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2008 Nov Lessons Learned Lean Six Sigma Balanced Scorecard
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2008 Nov Lessons Learned Lean Six Sigma Balanced Scorecard 2008 Nov Lessons Learned Lean Six Sigma Balanced Scorecard Presentation Transcript

  • Lessons Learned: Lean Six Sigma and Balanced Scorecard November 2008 Hans Froehling, DBA/CMBB, Senior Consultant
  • Intent of this Presentation
    • Learn the key drivers of value satisfaction in the services sectors and how they translate into the laboratory sector.
    • Learn the key differences between products and services and their impact on tools used in Manufacturing vs. Services Lean Six Sigma deployments.
    • Learn how to strategically tie Lean Six Sigma project selection to key value drivers of physicians in the outreach and hospital businesses via Balanced Scorecard or Theory of Constraints.
    • Learn the key lessons learned for an effective deployment of Lean Six Sigma in an organization.
    • Learn where Lean Six Sigma is heading over the next years.
  • Lean Six Sigma and Value of Services
  • Service vs. Product
    • SERVICE
    • Intangible
    • Inputs of customer at point of service delivery are critical
    • Service delivery transparent
    • Service cannot be inventoried
    PRODUCT Tangible Inputs from customer segment are based on a design process Production not transparent Product can be fully inventoried
  • Key Expectations of Service
    • Two levels of services:
      • Value-added service: The primary reason for delivering a service is to resolve a key problem of the customer–clinical report of test results to support the diagnosis of a patient.
      • Service failure recovery: Breakdown of the “value-added service” results in investigations that are handled by “customer service.”
    • Key expectations of value-added services are related to:
      • Effectiveness of problem resolution (quality of report, electronic vs. paper report, etc.).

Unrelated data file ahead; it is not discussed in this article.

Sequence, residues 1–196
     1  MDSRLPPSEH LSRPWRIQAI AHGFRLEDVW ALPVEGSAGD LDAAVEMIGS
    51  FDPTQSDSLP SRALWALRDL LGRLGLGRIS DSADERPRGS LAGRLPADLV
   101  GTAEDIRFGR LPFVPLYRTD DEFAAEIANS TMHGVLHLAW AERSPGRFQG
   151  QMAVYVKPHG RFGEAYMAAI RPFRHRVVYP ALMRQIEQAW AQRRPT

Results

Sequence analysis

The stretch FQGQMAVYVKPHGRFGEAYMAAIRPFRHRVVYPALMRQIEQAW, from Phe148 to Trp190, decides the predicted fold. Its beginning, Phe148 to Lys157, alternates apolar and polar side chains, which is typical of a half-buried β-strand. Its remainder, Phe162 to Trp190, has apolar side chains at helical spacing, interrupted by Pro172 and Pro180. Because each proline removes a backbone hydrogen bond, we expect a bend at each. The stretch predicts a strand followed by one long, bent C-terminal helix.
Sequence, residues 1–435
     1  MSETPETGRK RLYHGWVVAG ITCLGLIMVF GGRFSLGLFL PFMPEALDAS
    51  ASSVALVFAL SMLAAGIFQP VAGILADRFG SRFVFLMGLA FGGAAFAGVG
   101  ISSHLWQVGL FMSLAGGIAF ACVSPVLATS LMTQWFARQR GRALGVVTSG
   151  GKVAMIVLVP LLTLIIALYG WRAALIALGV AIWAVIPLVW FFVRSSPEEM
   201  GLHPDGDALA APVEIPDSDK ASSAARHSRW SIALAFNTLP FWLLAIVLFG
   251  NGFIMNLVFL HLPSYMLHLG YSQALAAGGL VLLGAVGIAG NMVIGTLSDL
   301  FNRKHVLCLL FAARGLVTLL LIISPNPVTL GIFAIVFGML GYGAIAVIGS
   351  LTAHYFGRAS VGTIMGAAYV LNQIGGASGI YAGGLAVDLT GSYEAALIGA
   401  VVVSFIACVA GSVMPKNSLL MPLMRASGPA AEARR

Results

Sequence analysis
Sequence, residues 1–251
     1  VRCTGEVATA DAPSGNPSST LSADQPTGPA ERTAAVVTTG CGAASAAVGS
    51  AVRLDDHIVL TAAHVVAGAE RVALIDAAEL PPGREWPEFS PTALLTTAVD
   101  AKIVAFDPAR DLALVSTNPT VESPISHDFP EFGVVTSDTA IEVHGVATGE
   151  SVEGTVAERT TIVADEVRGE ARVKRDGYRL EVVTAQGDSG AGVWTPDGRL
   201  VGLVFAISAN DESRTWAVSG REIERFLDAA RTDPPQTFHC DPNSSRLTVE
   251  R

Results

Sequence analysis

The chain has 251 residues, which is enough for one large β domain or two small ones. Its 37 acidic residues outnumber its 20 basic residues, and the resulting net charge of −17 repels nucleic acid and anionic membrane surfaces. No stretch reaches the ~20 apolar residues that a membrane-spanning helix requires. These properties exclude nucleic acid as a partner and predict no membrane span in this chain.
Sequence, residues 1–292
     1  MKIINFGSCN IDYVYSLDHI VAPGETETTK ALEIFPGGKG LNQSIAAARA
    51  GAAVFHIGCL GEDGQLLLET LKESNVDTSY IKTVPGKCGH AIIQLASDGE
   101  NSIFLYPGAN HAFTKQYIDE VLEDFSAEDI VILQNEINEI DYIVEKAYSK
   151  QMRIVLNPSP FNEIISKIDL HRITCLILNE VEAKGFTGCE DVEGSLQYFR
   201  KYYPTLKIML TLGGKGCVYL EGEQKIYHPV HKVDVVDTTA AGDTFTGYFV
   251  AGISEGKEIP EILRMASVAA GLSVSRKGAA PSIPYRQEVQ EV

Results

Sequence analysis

• Timeliness of resolution (reporting turnaround time).
    • Additional key expectation for second-level “customer services” are related to:
      • Responsiveness to service breakdown (Customer Inquiry via Customer Service).
  • Key Focus of Lean Six Sigma Deployment in Services
    • Focus of Lean Six Sigma Deployments in Services
    • Value creation through:
      • Effective resolution of problem.
      • Timeliness of solution.
      • Responsiveness to process breakdown.
  • Strategic Deployment of Lean Six Sigma x Service Aspect Lean Six Sigma for Value Creation Timeliness Effectiveness Responsiveness x Lean Aspect Quality Aspect
  • Key Drivers of Value Satisfaction in the Outreach Lab Industry Timely Report/Bill Accurate Report/ Bill Quick Problem Resolution Satisfaction With Value Loyalty Responsiveness Findings Based on Large-Scale Study in the Outreach Business Timeliness Effectiveness
  • Key Drivers of Value Satisfaction in the Hospital Lab Industry Findings based on voice of customer Interviews in 14 hospitals Report in Chart When Physician Sees Patient All Test Results in One Chart and Accurate Quick Access to Lab Effective Patient Care Satisfaction With Value Responsiveness Timeliness Effectiveness
  • Lean Six Sigma and Services/Organizational Size
  • Key Elements of Lean Six Sigma Deployment
    • Key variables that affect Deployment Strategy
      • Manufacturing vs. Service.
      • Size of the organization.
    • Key decisions
      • Overall strategic approach to deployment.
      • Approach to project selection.
      • Criteria for project selection.
      • Roles and responsibilities.
      • Curricula and training.
      • Employee involvement.
  • Key Factors Affecting the Deployment of Lean Six Sigma
    • Effective deployments are determined by two key factors:
    • Manufacturing vs. Service Organization
    • Large vs. Mid-sized or Small Organizations